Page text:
COMPANIES and public bodies can now get help to bring the 21st century’s information overload into focus to help them make money and improve public services.
The Data Lab, a new service established with an £11.3 million grant from the Scottish Funding Council, is designed to pinpoint the relevant data and applications that companies need from the endless resources now available online.
A Brechin-based agricultural company, SoilEssentials, was able to cut fuel, pesticides, fertilisers and CO2 emissions while increasing crop yields through utilising satellite imagery, historical yield data, soil sensors, global position and ordinance survey data.
Finance Secretary John Swinney said this kind of approach demonstrates how access to the right data can improve public policy challenges and services, and make businesses an extra £17 billion.
Mr Swinney said: “This new innovation centre will transform the nature of collaboration between industry, public sector and academic partners providing new ways for business to benefit from the expertise within Scotland’s world-leading university sector.
“Research has identified approximately £17 billion of business benefits to the thousands of companies in Scotland, the majority of them SMEs, who provide our best opportunity for economic growth.
“This centre will also help us to use data to address key public policy challenges and improve our public services.
“I am pleased to announce that we will be working with the Data Lab, and other partners, to launch a public policy challenge to identify projects which can harness the power of data to reduce inequalities, enhance prevention and enable civic participation.”
Neil Logan, chairman of The Data Lab and chief technology officer at Lockheed Martin BTS, said: “The Data Lab aims to unlock the value of our world-leading academic institutions and release the potential of our commercial sector in domestic and international markets.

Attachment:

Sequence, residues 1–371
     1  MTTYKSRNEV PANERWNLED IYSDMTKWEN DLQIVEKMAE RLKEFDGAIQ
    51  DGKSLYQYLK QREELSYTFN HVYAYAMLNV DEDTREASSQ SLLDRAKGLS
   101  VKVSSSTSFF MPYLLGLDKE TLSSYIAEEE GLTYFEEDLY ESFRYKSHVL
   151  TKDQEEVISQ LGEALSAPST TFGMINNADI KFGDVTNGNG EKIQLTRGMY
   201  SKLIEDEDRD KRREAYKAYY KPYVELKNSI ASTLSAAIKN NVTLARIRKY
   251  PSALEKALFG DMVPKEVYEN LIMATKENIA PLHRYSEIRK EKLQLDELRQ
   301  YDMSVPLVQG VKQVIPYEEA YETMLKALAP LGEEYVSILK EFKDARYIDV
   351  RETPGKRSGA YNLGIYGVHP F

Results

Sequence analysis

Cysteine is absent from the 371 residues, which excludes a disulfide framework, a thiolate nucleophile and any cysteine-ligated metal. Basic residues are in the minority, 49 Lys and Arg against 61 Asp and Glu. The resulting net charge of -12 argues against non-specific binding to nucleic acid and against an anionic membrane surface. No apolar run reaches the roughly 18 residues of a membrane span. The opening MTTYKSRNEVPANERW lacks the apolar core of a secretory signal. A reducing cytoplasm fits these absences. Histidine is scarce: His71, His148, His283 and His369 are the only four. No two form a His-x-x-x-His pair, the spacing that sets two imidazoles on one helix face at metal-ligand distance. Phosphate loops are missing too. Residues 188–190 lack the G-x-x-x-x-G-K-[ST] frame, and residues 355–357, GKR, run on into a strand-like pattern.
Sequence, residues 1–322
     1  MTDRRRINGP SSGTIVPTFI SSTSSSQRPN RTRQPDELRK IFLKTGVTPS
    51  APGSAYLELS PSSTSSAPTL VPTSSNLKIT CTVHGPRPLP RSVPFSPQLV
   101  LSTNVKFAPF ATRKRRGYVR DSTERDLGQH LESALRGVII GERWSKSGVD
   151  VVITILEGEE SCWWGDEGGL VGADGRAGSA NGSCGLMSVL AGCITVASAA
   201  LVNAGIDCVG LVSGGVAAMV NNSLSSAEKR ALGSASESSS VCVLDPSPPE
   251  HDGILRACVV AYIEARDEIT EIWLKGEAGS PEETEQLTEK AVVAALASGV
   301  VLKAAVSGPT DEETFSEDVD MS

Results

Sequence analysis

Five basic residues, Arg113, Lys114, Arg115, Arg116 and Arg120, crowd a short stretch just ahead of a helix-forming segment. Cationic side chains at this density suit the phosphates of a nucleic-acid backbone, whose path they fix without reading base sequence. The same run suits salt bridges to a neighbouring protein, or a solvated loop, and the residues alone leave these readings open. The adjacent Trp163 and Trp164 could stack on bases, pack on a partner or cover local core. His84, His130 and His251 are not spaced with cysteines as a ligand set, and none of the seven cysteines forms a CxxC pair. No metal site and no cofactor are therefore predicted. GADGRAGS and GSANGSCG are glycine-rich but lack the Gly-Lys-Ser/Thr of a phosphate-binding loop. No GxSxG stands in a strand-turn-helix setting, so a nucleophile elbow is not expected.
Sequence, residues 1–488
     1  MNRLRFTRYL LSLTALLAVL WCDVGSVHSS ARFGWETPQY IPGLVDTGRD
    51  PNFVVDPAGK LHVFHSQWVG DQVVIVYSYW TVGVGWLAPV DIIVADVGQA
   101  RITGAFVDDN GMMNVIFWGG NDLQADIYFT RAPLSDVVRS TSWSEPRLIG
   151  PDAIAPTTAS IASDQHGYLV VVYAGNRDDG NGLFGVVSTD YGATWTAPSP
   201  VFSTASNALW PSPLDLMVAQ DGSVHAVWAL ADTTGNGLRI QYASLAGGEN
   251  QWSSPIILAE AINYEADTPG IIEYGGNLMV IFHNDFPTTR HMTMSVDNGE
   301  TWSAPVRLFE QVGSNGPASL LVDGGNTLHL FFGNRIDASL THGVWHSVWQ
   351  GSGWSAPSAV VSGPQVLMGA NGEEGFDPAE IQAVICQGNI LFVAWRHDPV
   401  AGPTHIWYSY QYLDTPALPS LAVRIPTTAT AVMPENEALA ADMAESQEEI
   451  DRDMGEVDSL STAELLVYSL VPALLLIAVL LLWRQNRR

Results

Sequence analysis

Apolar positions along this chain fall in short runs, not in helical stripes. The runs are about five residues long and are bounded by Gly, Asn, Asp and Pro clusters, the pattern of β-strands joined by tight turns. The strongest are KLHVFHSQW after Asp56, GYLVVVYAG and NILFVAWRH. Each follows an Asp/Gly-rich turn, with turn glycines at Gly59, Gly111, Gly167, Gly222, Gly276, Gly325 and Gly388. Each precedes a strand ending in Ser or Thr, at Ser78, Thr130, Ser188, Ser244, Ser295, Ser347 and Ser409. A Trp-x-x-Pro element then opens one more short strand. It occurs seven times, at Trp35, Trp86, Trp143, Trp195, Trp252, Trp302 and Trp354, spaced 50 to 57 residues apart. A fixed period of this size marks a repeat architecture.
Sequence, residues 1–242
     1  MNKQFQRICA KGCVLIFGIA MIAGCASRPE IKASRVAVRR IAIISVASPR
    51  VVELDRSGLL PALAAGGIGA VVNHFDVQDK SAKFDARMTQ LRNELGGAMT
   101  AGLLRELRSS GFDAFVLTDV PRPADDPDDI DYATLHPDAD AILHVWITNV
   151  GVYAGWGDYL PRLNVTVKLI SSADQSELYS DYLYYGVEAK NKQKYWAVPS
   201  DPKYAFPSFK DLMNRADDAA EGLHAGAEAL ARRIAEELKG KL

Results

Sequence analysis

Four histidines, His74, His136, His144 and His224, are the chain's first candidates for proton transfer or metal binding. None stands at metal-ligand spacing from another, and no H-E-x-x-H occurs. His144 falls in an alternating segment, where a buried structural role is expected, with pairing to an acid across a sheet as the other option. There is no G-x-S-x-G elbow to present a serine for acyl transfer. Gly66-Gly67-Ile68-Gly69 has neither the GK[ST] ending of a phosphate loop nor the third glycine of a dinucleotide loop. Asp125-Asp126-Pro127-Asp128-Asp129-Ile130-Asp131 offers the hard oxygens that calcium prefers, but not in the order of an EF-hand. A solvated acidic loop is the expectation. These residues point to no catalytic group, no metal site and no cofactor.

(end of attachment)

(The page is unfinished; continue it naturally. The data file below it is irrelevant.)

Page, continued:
“Along these lines, it’s immensely encouraging that we are at day one and we’re already funding real projects with real money.
“We look forward to funding many more and to establishing Scotland’s place at the head of data science development.”
The Technology Advisory Group (TAG) also publishes a data action plan, facilitated by Scottish Enterprise, to help businesses navigate the “worldwide data revolution”.
Laurence Ward, chair of the Technology Advisory Group and senior partner Scotland at CMS Cameron McKenna, commented: “The Data Opportunity Action Plan is a roadmap for Scotland to embrace and take advantage of ‘big data’ opportunities to help fuel our economic growth.
“The plan sets out our strategic objectives, priorities and economic development goals that will drive and complement the activities of The Data Lab.
“We know that companies using advanced data analytics are twice as likely to be sector leaders and are likely to make decisions five times faster than their competitors, providing real-time competitive advantage.
“I want to encourage every company in Scotland to examine how it can use data more effectively to generate business growth.”